Weight Watchers, 1974

On the heels of the death of diet guru Robert Atkins, let us bow our heads a moment in respect of other bizarre things dietetic.

Though I was too young to appreciate them for what they were at the time, I very clearly remember that my grandmother had the complete set of Mid-70s Weight Watchers Cards. My brother and I used to paw through the collection when bored while visiting her house. I think that in my mind, this was her parallel of our collecting baseball or Star Wars cards. From the site:

These cards mystify me. None of them have calorie or nutrition information of any kind, and in some instances it’s hard to tell what’s dietetic about the recipes at all, except that they’re unspeakably grim. And yet also, completely insane. They appear to be from a much kookier era of Weight Watchers.

While you’re in the mode, don’t miss James’ Gallery of Regrettable Food. Oh, and these reviews of 20 cheap beers is, um, mouth watering.

Music: Man or Astro-Man? :: Trapezoid

5 Replies to “Weight Watchers, 1974”

  1. Ok, the beer review was funny, but what’s up with including Yuengling? That two bit punk, I can understand including Rolling Rock (another PA beer); but Yuengling? Its a respectable lager. I like it better than Sam Adams, which in my opinion is over-rated.

  2. hmmmm….. mr zoom and i were discussing the quintessential american beer the other day. well, … what we think it should be (definitely not bud, coors, miller).

    chris thinks Sierra Nevada Pale. I, on the other hand, offered up sam adams. I like sam adams better, though i don’t think either of them fall into the category of microbrew (according to chrios, who keeps up on htis, microbrews brew under 100K barrels per year. i guess sam adams, sierra, and red hook are, um, minibrews??).

    but then i realized that it’s JUST like coffee. america’s coffee is now (by default) starbucks. doesn’t mean every crossroads in america has one (yet), but damn, when stuck with either a starbucks a mile up the road in in wabosh Kansas, or dennys anext door, i’ll walk the mile for the starbucks even though i lambaste their coffee whenever i can (not to mention their corporate sensibilities).

    similarly, when in an airport bar, yes i’d rather they had hand pumped drake’s, but damn, when the alternatives are MGD and Bud Ice, that sierra or sam adams really hits the spot.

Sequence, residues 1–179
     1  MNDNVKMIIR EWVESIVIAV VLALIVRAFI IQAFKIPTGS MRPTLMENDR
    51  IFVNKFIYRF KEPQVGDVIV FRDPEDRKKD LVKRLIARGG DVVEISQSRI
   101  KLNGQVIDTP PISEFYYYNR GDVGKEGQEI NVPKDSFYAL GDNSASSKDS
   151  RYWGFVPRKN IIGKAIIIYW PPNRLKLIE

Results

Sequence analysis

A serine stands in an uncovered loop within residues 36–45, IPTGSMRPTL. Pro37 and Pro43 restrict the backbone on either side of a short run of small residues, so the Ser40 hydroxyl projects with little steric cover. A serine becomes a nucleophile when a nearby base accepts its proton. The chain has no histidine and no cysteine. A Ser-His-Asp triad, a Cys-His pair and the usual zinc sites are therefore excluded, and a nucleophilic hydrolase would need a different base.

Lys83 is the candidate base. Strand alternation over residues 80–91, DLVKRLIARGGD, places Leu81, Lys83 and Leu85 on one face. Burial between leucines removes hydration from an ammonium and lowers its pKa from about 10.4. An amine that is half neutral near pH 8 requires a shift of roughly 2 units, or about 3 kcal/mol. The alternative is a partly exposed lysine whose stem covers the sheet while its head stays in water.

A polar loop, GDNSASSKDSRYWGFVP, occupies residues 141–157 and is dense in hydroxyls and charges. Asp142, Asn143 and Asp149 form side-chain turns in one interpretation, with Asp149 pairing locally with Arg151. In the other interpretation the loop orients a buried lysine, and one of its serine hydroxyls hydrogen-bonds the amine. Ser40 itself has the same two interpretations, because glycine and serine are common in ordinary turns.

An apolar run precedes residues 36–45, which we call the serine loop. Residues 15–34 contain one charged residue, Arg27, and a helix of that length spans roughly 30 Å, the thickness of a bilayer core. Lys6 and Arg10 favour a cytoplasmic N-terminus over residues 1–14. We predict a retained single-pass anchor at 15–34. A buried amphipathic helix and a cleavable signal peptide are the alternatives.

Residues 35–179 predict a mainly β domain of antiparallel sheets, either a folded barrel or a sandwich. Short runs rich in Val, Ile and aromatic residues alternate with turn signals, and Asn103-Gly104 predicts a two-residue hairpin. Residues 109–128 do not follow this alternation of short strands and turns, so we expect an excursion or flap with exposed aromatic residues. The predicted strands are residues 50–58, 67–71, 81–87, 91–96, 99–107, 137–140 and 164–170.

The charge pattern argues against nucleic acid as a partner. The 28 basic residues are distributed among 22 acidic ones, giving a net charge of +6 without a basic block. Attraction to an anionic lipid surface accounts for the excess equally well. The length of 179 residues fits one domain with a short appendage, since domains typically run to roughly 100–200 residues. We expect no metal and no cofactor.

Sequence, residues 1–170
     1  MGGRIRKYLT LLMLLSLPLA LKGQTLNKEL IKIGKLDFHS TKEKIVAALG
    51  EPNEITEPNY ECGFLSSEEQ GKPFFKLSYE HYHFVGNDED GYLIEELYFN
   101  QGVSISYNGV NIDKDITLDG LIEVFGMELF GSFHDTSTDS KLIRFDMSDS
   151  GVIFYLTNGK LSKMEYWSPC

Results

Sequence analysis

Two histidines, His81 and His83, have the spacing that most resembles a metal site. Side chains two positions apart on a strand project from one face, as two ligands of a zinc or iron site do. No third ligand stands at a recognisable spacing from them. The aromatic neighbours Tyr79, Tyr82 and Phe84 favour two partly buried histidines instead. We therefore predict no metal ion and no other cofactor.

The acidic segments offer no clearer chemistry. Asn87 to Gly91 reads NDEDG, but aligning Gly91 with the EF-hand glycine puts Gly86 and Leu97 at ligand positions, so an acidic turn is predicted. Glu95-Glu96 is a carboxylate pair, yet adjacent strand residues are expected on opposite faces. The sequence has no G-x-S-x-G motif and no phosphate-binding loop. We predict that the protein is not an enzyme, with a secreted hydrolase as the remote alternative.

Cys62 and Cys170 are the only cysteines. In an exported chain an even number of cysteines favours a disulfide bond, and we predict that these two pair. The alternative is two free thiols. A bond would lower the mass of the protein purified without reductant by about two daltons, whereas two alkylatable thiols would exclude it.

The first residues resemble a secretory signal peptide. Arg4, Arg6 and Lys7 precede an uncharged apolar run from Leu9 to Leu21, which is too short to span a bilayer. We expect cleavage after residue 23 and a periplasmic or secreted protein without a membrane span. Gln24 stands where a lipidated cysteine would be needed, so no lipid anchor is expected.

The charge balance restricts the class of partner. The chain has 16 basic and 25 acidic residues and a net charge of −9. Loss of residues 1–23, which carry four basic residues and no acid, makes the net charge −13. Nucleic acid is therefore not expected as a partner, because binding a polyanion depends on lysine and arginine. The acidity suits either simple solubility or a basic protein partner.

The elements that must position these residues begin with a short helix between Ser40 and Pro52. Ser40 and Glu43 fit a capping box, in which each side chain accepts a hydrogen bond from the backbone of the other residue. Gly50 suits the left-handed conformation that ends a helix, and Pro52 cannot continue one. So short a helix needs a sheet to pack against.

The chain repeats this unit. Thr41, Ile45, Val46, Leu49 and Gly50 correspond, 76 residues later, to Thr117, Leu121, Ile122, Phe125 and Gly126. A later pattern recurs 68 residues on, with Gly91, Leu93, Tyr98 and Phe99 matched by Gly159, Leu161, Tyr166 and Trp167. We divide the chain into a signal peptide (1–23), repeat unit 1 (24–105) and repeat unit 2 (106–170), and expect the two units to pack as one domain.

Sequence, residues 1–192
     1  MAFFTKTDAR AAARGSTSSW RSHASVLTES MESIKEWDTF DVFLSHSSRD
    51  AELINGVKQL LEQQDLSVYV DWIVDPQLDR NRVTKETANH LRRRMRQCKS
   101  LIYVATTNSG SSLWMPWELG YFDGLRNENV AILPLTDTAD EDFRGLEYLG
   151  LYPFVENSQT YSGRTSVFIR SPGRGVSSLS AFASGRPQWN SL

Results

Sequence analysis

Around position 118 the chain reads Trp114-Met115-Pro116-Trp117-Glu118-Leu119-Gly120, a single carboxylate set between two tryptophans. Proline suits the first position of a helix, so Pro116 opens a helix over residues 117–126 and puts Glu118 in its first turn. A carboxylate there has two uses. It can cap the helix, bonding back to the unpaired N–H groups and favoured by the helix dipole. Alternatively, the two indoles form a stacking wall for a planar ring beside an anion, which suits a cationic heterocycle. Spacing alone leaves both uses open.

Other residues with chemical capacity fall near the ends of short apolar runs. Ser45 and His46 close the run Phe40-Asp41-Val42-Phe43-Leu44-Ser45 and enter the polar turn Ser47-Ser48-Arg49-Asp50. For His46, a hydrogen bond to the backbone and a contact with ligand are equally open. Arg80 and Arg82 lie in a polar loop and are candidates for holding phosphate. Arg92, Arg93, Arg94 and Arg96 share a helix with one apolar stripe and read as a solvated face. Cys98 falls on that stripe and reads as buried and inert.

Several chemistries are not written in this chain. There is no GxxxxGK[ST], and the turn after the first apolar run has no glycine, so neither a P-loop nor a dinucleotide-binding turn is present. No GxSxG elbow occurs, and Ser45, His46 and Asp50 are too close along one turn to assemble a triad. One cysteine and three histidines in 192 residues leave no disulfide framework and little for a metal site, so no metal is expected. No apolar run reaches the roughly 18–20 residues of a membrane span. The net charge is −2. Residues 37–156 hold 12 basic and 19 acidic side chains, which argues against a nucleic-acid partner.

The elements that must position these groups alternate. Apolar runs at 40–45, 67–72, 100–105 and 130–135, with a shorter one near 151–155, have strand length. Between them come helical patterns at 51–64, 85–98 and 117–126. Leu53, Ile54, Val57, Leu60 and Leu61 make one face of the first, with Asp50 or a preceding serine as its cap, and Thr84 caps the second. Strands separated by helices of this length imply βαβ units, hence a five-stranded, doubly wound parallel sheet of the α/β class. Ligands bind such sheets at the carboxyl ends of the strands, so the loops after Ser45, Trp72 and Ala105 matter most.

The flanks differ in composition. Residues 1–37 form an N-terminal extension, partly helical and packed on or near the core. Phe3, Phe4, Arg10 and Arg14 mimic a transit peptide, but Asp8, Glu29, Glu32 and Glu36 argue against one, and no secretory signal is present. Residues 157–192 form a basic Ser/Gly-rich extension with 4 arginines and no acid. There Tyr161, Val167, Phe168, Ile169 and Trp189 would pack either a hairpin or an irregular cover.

my point? i don’t know. short term memory loss does that to you. time for another beer. no, wait – make it a whiskey! just found a really tasty $15 bourbon at TJ. can’t remember the name, but bourbon lovers rejoice – it’s on par w/ knob creek for $5 less.

    ok, the first three para’s were my ObBC…

  3. Yuengling is a Pennsylvania regional brewer, so if you find it here in CA (not likely) it will have that not-so-fresh feeling. Get a sixer next time you’re in Philly!

    My memory failed me too, micro is defined as 15,000 barrels annually or less (that’s about half a million gallons at 31 gal/barrel).

    Sierra Nevada brews 300,000 barrels (about 10 million gallons) each year.. (as of 1997)

    Anheuser-Busch (Budweiser) brews 100 million barrels annually.

    An old page from the net tells me that total production of all USA breweries in 1994 was around 200 million barrels.

    I keep vague records, but my home brewery is capable of perhaps 5 barrels/year.

    My #1 reason for thinking of Sierra as the classic American Pale Ale is that the yeast they use is variously called “American Ale” or “1056” or just “SNPA”, and is used in more beers than you can count. Also, they leave the yeast alive in the bottle, and Sam Adams doesn’t. And, Sierra’s a real brewery based up in Chico, where Sam Adams is a virtual company that handles their production by contract with regional breweries.

  4. baald, I’ll have to go with chris on this one – I prefer Sierra Nevada over Sam Adams, but only by a slim margin – feels more bodied and authentic to me. But I’ve never tried them side by side.

    You will of course need to lay that new whiskey upon me.

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